See also: Net Worth of United States Senators and Representatives

2011

Based on congressional financial disclosure forms and calculations made available by OpenSecrets.org, Grassley's net worth as of 2011 was estimated between $1,258,076 and $3,872,000. That averages to $2,565,038, which is lower than the average net worth of Republican senators in 2011 of $6,358,668. His average net worth decreased by 19.40% from 2010.[37]

2010

Based on congressional financial disclosure forms and calculations made available by OpenSecrets.org, Grassley's net worth as of 2010 was estimated between $1,654,082 and $4,711,000. That averages to $3,182,541, which is lower than the average net worth of Republican senators in 2010 of $7,054,258.[38]

National Journal vote ratings

See also: National Journal vote ratings

Each year National Journal publishes an analysis of how liberally or conservatively each member of Congress voted in the previous year.

2012

Grassley ranked 25th in the conservative rankings in 2012.[39]

2011

Grassley ranked 20th in the conservative rankings in 2011.[40]

Voting with party

2013

Chuck Grassley voted with the Republican Party 91.5% of the time, which ranked 10th among the 46 Senate Republican members as of June 2013.[41]

Personal

Grassley has been married to his wife Barbara Ann (nee Speicher) since 1954. They have five children: Lee, Wendy, Robin, Michele, and Jay.[42]

Recent news

This section displays the most recent stories in a Google news search for the term Chuck + Grassley + Iowa + Senate

All stories may not be relevant to this page due to the nature of the search engine.

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External links


References

  1. 1.0 1.1 Bioguide "Chuck Grassley" Accessed June 21, 2013
  2. Des Moines Register, "Iowa’s Chuck Grassley: I am running for re-election (updated)," accessed September 20, 2013
  3. Biographical Guide to Members of Congress "Chuck Grassley," Accessed October 13, 2011
  4. Biographical Directory of the United States Congress "Charles Ernest Grassley," Accessed October 18, 2011
  5. Congressional Quarterly "Senate Committee List" Accessed January 22, 2013
  6. Official Senate website "Committee Assignments," Accessed October 13, 2011
  7. 7.0 7.1 7.2 7.3 Politico, "Chuck Grassley puts hold on DHS nominee," accessed November 21, 2013
  8. Congressional Record, "Resume of Congressional Activity, First Session of the 112th Congress," accessed September 5, 2013
  9. Congressional Record, "Resume of Congressional Activity, Second Session of the 113th Congress," accessed March 4, 2014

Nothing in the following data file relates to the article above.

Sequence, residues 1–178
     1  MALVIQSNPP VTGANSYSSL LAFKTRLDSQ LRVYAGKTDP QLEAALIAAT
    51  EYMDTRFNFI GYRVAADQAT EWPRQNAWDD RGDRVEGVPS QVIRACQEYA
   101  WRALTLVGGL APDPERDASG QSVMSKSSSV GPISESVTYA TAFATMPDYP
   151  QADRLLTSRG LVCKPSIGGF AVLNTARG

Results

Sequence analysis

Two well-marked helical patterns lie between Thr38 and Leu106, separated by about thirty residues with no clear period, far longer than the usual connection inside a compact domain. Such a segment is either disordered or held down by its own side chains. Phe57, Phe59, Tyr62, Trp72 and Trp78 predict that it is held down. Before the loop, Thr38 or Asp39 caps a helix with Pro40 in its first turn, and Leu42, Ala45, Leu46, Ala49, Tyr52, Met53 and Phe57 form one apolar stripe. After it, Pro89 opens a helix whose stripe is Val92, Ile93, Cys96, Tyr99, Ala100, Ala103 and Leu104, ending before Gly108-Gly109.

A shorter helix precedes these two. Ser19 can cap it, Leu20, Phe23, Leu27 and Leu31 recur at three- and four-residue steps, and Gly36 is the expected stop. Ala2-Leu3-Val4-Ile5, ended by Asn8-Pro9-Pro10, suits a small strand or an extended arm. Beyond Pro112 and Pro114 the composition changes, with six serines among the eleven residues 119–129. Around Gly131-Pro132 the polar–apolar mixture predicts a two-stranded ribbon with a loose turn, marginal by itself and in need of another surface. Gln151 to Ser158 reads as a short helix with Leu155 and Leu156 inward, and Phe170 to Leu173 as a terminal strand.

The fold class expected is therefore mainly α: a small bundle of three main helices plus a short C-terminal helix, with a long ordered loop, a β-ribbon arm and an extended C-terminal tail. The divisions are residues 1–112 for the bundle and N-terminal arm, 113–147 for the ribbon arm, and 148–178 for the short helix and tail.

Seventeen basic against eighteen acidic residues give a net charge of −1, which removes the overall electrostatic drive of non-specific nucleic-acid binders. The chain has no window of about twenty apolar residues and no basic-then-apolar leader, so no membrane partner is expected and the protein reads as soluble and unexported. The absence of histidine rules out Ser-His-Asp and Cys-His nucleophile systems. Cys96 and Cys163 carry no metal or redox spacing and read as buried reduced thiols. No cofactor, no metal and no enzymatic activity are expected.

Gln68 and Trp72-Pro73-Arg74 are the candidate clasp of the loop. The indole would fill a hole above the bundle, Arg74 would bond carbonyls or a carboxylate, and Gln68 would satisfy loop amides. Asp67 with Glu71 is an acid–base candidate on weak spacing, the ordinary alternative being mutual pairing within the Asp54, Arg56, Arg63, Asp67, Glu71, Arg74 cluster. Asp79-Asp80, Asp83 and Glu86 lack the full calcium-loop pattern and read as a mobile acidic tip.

10. QC Times, "Iowa congressional delegation withholding support for attack on Syria," accessed September 4, 2013
  11. 11.0 11.1 11.2 11.3 11.4 11.5 Project Votesmart, "Chuck Grassley Key Votes," accessed October 16, 2013
  12. CNN, "Rand Paul says he's heard from White House after filibuster," March 7, 2013
  13. USA Today, "Rand Paul filibuster ranks among Senate's longest," March 7, 2013
  14. ABC News, "Rand Paul wins applause from GOP and liberals," March 7, 2013
  15. Breitbart, "AWOL: Meet the GOP senators who refused to stand with Rand," March 7, 2013
  16. Politico, "Rand Paul filibuster blasted by Sens. John McCain, Lindsey Graham," March 7, 2013
  17. Washington Post, "Eric Holder responds to Rand Paul with ‘no’," March 7, 2013
  18. The Washington Post, "Reid, McConnell propose bipartisan Senate bill to end shutdown, extend borrowing," accessed October 16, 2013
  19. Senate.gov, "H.R. 2775 As Amended," accessed October 31, 2013
  20. U.S. Senate "Roll Call Vote on the Fiscal Cliff" Accessed January 4, 2013.
  21. 21.0 21.1 Real Clear Politics, "Senator Charles Grassley," accessed August 13, 2013
  22. "Senate Judiciary Committee" List of past members(See 97th to 109th Congresses of the US)
  23. "Senate Judiciary Committee" List of Subcommittees
  24. 24.0 24.1 24.2 "Washington Post" Transcript of Senator Grassley's Questioning of Judge Sonia Sotomayor, July 14, 2009
  25. Des Moines Register, "Iowa’s Chuck Grassley: I am running for re-election (updated)," accessed September 20, 2013
  26. 'U.S. Congress House Clerk "Statistics of the Congressional Election of November 2, 2010," accessed March 28, 2013
  27. U.S. Congress House Clerk, "Statistics of the Congressional Election of November 2, 2004," accessed March 28, 2013
  28. U.S. Congress House Clerk, "Statistics of the Congressional Election of November 3, 1998," accessed March 28, 2013
  29. U.S. Congress House Clerk, "Statistics of the Congressional Election of November 3, 1992," accessed March 28, 2013
  30. U.S. Congress House Clerk, "Statistics of the Congressional Election of November 4, 1986," accessed March 28, 2013
  31. U.S. Congress House Clerk, "Statistics of the Congressional Election of November 4, 1980," accessed March 28, 2013
  32. Open Secrets "Chuck Grassley" Accessed April 3, 2013
  33. Gov Track "Chuck Grassley," Accessed June 21, 2013
  34. OpenCongress, "Rep. Chuck Grassley," Accessed August 2, 2013
  35. GovTrack, "Chuck Grassley," Accessed March 29, 2013
  36. LegiStorm "Chuck Grassley"
  37. OpenSecrets.org, "Grassley, (R-Iowa), 2011"
  38. OpenSecrets.org, "Grassley, (R-IA), 2010"
  39. National Journal, "2012 Congressional Vote Ratings," February 28, 2013
  40. National Journal, "Searchable Vote Ratings Tables: Senate," February 23, 2012
  41. OpenCongress, "Voting With Party," accessed July 2014
  42. Official Senate website "At A Glance," Accessed October 13, 2011
Political offices
Preceded by
John Culver
U.S. Senate - Iowa
1981-Present
Succeeded by
-